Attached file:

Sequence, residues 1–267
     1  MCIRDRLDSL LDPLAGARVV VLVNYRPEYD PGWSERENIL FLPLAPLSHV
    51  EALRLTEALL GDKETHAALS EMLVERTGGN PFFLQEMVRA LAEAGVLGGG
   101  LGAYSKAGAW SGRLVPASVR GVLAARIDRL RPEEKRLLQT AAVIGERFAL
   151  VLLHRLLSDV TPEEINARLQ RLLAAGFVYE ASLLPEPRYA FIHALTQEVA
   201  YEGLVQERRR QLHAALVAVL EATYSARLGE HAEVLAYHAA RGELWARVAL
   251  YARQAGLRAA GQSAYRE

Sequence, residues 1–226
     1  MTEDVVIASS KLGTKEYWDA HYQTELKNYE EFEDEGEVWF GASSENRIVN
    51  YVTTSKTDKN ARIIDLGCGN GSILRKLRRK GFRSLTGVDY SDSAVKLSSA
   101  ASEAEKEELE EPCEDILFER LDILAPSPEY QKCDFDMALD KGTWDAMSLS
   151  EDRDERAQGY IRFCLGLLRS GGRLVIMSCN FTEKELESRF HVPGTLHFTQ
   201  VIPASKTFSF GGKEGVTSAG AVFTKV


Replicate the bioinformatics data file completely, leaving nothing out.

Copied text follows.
Sequence, residues 1–267
     1  MCIRDRLDSL LDPLAGARVV VLVNYRPEYD PGWSERENIL FLPLAPLSHV
    51  EALRLTEALL GDKETHAALS EMLVERTGGN PFFLQEMVRA LAEAGVLGGG
   101  LGAYSKAGAW SGRLVPASVR GVLAARIDRL RPEEKRLLQT AAVIGERFAL
   151  VLLHRLLSDV TPEEINARLQ RLLAAGFVYE ASLLPEPRYA FIHALTQEVA
   201  YEGLVQERRR QLHAALVAVL EATYSARLGE HAEVLAYHAA RGELWARVAL
   251  YARQAGLRAA GQSAYRE

Sequence, residues 1–226
     1  MTEDVVIASS KLGTKEYWDA HYQTELKNYE EFEDEGEVWF GASSENRIVN
    51  YVTTSKTDKN ARIIDLGCGN GSILRKLRRK GFRSLTGVDY SDSAVKLSSA
   101  ASEAEKEELE EPCEDILFER LDILAPSPEY QKCDFDMALD KGTWDAMSLS
   151  EDRDERAQGY IRFCLGLLRS GGRLVIMSCN FTEKELESRF HVPGTLHFTQ
   201  VIPASKTFSF GGKEGVTSAG AVFTKV